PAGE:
Holy Yoga

With fear and trembling, Stephanie found peace. In movement, she found stillness. Through transition, she became grounded. With meditation upon Christ, she did not seek to empty herself but instead be filled with God’s character. And by releasing her burdens unto Him, Stephanie was set free by His Spirit  

Stephanie’s story of finding wholeness in Christ began at a difficult time in her life. Following the birth of her third child, Stephanie not only lost her job, she fell into a battle with postpartum depression. If you, or someone you know, has walked through such a heavy burden, you know what it means to feel as if you’ve been thrown into a storm with nothing to hold on to; no solid ground beneath your feet. Stephanie remembers how her husband noticed her despondency, as if she was physically present without truly being there, like a cloud surrounded her, impeding her sense of self. Though the desire of her heart was to have intimacy with God and rely on His strength, nothing she tried could pull her out of the storm surrounding her. She read her Bible and attended Apex gatherings. She worshipped in all the ways she knew. Yet her connection to God, and to self, felt far away.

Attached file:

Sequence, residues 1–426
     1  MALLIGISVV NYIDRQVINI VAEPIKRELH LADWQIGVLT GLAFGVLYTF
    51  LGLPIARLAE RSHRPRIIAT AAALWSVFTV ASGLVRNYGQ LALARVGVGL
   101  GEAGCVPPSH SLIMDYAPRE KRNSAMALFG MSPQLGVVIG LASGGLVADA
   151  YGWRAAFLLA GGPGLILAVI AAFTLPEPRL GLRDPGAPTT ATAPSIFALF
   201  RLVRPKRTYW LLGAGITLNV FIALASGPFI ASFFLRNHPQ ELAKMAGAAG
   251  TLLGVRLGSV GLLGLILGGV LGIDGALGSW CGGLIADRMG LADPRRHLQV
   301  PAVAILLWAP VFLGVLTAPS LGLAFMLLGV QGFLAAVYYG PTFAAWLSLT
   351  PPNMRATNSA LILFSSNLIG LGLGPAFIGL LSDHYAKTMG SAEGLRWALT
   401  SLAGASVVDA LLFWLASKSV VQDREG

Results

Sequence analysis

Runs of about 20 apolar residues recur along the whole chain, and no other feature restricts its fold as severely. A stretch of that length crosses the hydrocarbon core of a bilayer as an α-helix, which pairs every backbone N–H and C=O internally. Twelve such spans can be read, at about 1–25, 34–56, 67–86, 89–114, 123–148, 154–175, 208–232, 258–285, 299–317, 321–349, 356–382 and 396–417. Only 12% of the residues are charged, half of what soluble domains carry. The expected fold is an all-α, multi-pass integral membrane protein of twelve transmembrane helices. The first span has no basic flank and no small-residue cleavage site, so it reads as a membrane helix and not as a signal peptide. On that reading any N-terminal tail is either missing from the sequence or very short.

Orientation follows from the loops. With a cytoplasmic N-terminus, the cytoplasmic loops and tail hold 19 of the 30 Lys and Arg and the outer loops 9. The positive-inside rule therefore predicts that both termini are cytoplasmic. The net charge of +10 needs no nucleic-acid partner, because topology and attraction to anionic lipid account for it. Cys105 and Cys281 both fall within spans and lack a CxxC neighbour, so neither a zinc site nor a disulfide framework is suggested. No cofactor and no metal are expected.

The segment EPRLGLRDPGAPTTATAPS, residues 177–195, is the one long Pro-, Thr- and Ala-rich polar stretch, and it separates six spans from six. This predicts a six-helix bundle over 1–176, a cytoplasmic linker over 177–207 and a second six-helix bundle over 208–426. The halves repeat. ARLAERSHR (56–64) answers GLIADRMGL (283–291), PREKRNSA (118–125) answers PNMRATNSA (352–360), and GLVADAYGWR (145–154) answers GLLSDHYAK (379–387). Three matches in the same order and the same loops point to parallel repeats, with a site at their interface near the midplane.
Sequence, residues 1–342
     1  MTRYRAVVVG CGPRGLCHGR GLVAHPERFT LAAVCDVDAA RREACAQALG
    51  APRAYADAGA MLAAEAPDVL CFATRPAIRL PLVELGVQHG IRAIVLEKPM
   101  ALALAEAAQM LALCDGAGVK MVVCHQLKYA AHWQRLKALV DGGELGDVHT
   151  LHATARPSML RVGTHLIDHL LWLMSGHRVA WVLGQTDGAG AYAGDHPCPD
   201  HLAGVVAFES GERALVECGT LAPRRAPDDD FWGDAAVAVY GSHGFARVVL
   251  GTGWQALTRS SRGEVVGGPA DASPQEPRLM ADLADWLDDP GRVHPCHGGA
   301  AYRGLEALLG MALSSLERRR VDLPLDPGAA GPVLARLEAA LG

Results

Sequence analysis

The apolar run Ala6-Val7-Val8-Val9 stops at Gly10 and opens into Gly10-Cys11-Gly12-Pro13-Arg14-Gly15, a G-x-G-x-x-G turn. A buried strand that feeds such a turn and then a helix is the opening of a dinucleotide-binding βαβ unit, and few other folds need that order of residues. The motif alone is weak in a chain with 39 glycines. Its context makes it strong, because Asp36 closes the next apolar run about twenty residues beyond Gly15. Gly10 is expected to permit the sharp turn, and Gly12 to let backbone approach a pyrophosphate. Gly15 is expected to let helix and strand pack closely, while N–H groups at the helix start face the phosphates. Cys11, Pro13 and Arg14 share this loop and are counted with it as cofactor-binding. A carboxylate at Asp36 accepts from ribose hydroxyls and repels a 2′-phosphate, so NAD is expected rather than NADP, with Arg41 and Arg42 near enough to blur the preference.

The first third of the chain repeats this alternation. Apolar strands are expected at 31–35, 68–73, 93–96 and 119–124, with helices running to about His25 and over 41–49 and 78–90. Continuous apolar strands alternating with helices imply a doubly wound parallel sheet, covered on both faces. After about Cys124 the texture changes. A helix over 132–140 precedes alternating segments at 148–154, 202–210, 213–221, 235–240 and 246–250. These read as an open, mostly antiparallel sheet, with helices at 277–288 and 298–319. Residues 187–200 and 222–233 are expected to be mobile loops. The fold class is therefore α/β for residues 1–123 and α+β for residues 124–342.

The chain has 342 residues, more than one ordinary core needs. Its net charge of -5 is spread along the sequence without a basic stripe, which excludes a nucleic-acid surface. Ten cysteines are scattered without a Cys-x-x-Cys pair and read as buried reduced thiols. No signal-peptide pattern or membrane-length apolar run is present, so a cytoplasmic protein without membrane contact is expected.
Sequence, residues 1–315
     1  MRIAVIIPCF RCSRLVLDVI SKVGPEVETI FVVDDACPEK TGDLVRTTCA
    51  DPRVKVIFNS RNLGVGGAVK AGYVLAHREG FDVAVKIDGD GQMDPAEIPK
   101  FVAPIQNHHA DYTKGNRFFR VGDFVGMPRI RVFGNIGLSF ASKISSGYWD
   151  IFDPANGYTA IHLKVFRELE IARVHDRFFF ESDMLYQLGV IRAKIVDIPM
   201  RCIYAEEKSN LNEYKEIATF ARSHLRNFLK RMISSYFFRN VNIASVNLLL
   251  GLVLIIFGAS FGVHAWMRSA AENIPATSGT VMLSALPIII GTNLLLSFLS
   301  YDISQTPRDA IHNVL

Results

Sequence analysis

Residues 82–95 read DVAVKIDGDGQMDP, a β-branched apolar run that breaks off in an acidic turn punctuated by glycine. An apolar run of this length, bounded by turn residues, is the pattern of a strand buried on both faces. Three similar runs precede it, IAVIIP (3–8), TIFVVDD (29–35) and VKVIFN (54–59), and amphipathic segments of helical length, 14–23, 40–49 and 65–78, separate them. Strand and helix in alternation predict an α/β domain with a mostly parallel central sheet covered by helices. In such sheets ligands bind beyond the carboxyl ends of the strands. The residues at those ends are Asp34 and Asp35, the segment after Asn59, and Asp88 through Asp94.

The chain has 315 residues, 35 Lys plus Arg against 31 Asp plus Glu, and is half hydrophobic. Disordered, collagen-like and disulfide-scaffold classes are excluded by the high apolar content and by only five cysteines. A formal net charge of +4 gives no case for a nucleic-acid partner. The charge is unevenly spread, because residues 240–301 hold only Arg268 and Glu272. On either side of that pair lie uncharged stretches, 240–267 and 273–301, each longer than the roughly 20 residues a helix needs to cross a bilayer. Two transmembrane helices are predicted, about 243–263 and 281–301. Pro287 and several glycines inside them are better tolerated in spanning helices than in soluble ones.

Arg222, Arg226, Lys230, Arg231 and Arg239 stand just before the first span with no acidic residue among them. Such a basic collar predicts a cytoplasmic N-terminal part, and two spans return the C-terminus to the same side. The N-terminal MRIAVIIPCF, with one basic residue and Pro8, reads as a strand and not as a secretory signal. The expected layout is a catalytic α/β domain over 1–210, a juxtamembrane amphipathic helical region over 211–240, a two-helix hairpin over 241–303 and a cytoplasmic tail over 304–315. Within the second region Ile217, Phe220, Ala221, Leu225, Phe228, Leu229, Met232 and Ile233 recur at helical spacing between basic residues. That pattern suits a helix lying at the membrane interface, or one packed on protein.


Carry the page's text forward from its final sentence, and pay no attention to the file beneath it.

In 2013 God would kindle a spark within Stephanie, through Instagram of all places.

When she stumbled across Holy Yoga, the intentional practice of connecting one’s entire body, mind and spirit with God: the Father, Son and Holy Spirit, she was immediately interested. During her very first Holy Yoga session she prayed, along with her fellow yogis, “Lord we pray that you will imprint the words we are reading into our heart.” This was not a prayer she spoke lightly, without fear and trembling. Rather, it was a prayer that would open her heart, body, mind, and spirit to a deeper understanding of, and connection to, her heavenly father. The experience allowed Stephanie to hear exactly what God was telling her. She needed to surrender. She needed to fully let go, to release her perceived control and all her efforts made in vain. She needed to be made empty so she could be consumed with the strength only God provides. Surrender, through the medium of Holy Yoga, was imprinted on her heart. Stephanie let go.

apexanthologiesThere is a symbiotic beauty in using yoga, a physical practice meaning “to yoke oneself”, to pursue God while simultaneously transforming yourself into a literal, physical vessel for worship.